Here in the State o' Georgia, a solid majority of the population tends toward Teabaggery. Many are under the hypnotic spell of Neal Boortz, Lord of the Airwaves, or one of the many charismatic and highly intelligent local politicians like Sonny Perdue, Saxby Chambliss, or Paul Broun. Georgians don't like taxes, big gub'mint, liberals, uppity colored presidents, or any of the other things the modern conservative is contractually obligated to hate. This doesn't describe every Georgian, of course, but…there are no doubts about our redness.

Here are the 10 largest employers in Georgia:

Or, to put it another way:

1. The government
2. The government
3. The government
4. The government
5. Private university heavily dependent on state/federal grants and federal student loans
6. The government
7. Private university hospital
8. Government contractor
9. The government
10. Private employer

Think that's funny? Check out Florida!

The inability of these people to understand that "fiscal responsibility" and "cutting spending" are slogans for cutting their own throats is beyond me. I mean, what this state and its 9.9% unemployment rate really need is for the state to stop spending money (and Congress too!). They rationalize it, I'm sure, with some bullplop about cutting "waste" or maybe old favorites like "welfare" which, according to Boortz, is probably like 70% of the state budget.

On the other side of the country, DWT brings us the charming story of remote Modoc County in Northern California. The "citizens" of this tiny county (population: 9,449) are currently debating a ballot measure to institute a small tax to keep its only hospital open. If it closes, the next-closest hospital might be hours away (a nearby hospital is over mountains that are impassable in winter). And like many rural hospitals, it is the county's largest employer. The parcel tax will cost each land owner an extra $195 annually.

In the county that handed McCain his largest victory in California, that's heresy. To the Teabagging faithful, dying before they can reach a hospital after having a stroke on the farm is a small price to pay for that extra $195 – although once the county's largest employer folds I can't imagine who will be left except for the sizable population of old, immobile, and angry retirees.

I don't sincerely expect the average talk radio fan to have a great grasp of the numbers or, you know, reality, but it is amazing how ignorant Americans are of the extent to which our economy is dependent on government spending. State, federal, and local governments combined have employment rolls running into the millions (2 million for the Federal government alone, not counting the military or the private sector defense industry that depends entirely on Pentagon money). Yet all we hear is cut, cut, and cut some more. Fire the teachers, screw the cops, and shut down the hospitals. That will make everything better, right?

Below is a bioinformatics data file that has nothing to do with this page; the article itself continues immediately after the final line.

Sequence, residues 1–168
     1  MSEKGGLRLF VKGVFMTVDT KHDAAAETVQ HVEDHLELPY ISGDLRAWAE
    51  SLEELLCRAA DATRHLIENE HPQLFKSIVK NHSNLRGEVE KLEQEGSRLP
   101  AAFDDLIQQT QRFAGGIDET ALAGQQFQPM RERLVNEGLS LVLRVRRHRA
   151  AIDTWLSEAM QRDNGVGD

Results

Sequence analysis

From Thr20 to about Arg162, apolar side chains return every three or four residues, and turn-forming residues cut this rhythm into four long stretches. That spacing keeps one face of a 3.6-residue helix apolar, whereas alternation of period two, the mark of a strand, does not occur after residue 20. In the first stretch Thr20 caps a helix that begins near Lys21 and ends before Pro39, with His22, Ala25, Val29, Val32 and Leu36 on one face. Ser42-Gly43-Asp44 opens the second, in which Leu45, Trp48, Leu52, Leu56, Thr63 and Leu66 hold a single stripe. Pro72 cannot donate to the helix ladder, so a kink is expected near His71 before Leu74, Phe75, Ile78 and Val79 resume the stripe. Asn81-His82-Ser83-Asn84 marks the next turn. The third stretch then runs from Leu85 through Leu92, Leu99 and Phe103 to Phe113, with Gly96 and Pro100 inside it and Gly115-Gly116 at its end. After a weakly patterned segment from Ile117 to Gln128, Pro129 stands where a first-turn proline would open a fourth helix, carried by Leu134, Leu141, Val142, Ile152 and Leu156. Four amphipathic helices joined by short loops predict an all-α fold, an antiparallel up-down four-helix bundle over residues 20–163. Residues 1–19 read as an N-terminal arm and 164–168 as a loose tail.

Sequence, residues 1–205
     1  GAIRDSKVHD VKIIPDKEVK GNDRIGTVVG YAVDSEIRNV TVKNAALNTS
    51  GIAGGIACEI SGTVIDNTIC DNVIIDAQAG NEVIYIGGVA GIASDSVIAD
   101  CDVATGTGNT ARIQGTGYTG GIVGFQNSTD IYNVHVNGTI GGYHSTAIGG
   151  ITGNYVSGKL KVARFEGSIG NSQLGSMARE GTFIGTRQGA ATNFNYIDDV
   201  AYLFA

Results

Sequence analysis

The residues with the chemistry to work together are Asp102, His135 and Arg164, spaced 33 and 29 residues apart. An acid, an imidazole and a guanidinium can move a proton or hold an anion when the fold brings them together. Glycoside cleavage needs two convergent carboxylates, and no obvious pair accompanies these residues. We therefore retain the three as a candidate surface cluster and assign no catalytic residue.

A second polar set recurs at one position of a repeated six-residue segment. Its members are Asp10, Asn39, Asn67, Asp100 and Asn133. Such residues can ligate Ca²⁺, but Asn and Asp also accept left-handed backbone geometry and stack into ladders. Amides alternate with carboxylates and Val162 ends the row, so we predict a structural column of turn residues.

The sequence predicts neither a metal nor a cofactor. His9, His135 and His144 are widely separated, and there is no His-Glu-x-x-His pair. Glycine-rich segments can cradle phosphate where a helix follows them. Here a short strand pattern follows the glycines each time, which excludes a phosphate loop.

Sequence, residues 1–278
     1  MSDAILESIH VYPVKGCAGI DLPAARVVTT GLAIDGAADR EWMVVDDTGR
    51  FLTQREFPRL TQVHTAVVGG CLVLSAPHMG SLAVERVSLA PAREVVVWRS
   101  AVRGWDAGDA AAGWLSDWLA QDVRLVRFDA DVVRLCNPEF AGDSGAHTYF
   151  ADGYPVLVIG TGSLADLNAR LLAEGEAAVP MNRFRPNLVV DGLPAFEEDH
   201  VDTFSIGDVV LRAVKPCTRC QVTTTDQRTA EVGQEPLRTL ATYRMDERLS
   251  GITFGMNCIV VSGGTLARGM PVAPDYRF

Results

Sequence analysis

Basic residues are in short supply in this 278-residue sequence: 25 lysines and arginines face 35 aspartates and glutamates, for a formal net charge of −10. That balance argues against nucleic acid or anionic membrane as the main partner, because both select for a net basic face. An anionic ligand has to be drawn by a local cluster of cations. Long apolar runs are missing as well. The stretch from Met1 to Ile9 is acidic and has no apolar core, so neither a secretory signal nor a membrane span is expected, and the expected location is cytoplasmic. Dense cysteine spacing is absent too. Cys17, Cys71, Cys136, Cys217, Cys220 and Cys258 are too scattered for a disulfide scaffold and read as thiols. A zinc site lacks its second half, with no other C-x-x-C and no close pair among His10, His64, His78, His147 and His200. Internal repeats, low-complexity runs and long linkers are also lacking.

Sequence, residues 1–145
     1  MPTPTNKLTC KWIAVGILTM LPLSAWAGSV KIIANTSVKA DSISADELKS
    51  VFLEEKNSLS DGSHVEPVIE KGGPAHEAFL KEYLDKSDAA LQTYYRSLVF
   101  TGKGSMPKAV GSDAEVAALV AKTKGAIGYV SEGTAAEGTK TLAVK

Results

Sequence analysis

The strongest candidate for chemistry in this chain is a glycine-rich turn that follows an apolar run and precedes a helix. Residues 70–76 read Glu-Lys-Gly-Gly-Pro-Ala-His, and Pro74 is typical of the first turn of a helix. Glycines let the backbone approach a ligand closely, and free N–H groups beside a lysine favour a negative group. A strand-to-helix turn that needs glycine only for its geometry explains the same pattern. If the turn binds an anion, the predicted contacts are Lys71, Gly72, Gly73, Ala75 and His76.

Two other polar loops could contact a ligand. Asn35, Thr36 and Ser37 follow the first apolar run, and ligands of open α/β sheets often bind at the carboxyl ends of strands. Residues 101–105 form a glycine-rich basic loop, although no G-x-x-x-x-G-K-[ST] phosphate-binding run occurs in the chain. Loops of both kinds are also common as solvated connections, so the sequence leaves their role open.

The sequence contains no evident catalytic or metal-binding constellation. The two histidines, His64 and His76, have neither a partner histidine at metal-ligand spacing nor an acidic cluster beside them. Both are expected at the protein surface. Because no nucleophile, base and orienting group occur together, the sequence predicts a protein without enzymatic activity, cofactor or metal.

Be Sociable, Share!


  • Entomologista says:

    States like Georgia always get more in federal dollars than they contribute. Basically, that means blue states pay for the tax breaks in red states. It needs to stop.

  • I have quite a few friends in public service from police officers to military personnel. With only a few notable exceptions, they consider themselves to be conservative republicans.

    When confronted with the obvious disconnect that they receive their incomes (and pensions, health care, and other socialist trappings) they are completely unaware that they are hypocrites of the highest order.

    I'm one of those strange people who actually considers paying taxes to be the purest form of patriotism. I attended public schools and public universities and have enjoyed being able to call the police or fire department when necessary. Now that it is my turn to return the favor to my neighbors and their kids (though I am childless) I consider it merely the repayment of a debt and an investment in the future of this country.

    If the left wing truly had a voice, they would shout this slogan to everyone they meet… "Patriots pay their taxes." The claptrap of equating patriotism with foreign wars and military might is over. I'm sure I'm not alone in believing that the best investment is in your own country and countrymen.

  • Not much to add (as usual.) My observation is the same though. I live in Richland, WA; home to the giant money-sucking mess that is the Hanford Nuclear Reservation. Thousands of jobs and contractors all paid generously by the feds, the state, and especially the recent stimulus package. In fact, this is one of the very few areas in the country that has low unemployment, job growth, new construction, and a housing shortage. All because of tax dollars being thrown all over the place. And of course, this is Sarah Palin teabagger country.

  • I, too, can only join the chorus.

    Then again, I live in Queensland, which may just be the Georgia of Australia.

  • I was absolutely staggered that the leader of the no-taxes campaign in Alturas said he'd spend $10-15,000 on defeating the initiative to pay $195 a year to keep a *hospital* open. Yes, I'm a slow learner.